Reed Business Information is offering display advertising across
its 50-plus titles via a new centralised cross-selling scheme, designed
to steal blue-chip clients from national newspapers.
The publisher will also incorporate its 50 websites into the
This means its new Reed Business Display team could package deals
involving a mixture of hard-copy display ads and banners on sites such
as New Scientist’s Planet Science, @Computer Weekly and the IT portal
Reed Business Display is the brainchild of Sue Shimmin, business
development manager, and Chris King, director of central sales and the
man behind RBI’s centralised inserts unit.
The inserts unit has quadrupled its ad revenue in four years, pulling in
clients such as Microsoft and Royal Bank of Scotland.
King hopes to repeat the formula, luring heavyweight clients away from
the national press and management titles by persuading them RBI’s titles
reach a higher number of business people.
’The nationals have a falling readership and response levels are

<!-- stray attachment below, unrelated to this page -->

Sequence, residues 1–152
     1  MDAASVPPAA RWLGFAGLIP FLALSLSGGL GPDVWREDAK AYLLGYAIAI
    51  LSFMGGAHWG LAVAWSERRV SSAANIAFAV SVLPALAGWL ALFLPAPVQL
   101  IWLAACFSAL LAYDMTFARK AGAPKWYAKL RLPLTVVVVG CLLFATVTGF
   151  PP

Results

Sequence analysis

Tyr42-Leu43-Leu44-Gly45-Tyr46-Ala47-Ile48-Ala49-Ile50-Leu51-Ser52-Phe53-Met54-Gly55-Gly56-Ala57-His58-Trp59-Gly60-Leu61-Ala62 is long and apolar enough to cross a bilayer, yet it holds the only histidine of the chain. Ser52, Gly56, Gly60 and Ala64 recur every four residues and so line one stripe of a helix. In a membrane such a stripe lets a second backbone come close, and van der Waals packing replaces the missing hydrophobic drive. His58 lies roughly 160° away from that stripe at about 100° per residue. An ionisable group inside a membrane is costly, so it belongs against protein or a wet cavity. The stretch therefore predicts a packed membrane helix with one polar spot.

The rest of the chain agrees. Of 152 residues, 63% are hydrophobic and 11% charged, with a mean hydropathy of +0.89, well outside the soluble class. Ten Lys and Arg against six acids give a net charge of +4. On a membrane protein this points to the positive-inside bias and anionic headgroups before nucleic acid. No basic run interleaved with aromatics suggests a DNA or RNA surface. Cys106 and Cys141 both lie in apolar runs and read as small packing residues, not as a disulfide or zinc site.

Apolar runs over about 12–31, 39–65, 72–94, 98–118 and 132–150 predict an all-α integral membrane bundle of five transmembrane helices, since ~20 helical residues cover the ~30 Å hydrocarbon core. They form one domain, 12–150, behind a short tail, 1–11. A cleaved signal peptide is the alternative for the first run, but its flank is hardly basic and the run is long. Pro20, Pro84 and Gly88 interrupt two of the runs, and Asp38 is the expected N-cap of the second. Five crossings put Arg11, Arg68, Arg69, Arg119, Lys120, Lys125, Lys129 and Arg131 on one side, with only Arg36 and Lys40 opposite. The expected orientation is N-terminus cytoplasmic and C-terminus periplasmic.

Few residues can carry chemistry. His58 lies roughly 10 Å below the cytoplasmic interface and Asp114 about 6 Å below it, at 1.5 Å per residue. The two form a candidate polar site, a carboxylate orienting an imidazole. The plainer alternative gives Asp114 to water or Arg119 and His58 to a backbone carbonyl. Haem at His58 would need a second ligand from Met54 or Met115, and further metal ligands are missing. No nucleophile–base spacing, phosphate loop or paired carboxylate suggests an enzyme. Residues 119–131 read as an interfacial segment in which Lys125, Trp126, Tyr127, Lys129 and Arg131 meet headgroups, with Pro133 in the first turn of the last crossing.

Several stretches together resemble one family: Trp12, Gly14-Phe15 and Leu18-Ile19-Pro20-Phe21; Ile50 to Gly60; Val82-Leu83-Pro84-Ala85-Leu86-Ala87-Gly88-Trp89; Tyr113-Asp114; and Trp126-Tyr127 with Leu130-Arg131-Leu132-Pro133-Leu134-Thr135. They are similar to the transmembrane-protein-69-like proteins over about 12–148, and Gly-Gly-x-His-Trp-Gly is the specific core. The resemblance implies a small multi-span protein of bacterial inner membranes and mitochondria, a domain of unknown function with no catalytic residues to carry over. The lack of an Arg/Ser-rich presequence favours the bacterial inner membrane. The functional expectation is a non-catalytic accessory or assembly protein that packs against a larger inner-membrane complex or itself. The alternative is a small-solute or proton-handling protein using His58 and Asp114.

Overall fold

dropping, so advertisers are looking at new markets,’ he said.
’If Hewlett Packard wanted to advertise a laptop colour printer, 70 per
cent of our readers run small to medium-sized enterprises. A company
like Girobank could reach corner-shop owners through Independent Retail
News and hair salon owners through Hairdresser’s Journal.’
’Clients have been ringing up each month and asking if we could do
this,’ he added. ’The revenue is limitless. The agencies think it’s a
great idea; they’ll get a better price, one point of contact and we’ll
do the planning for them.’
Two clients have already signed up. Action 2000 bought double-page
spreads in 12 RBI magazines, while Intel took three consecutive
right-hand pages in eight titles.
King is to appoint a senior sales manager to front the display unit and
wants five senior sales executives with five to six years experience of
selling to London agencies and blue chip companies.
’We’re looking for intellectual types,’ King said. ’This is not a quick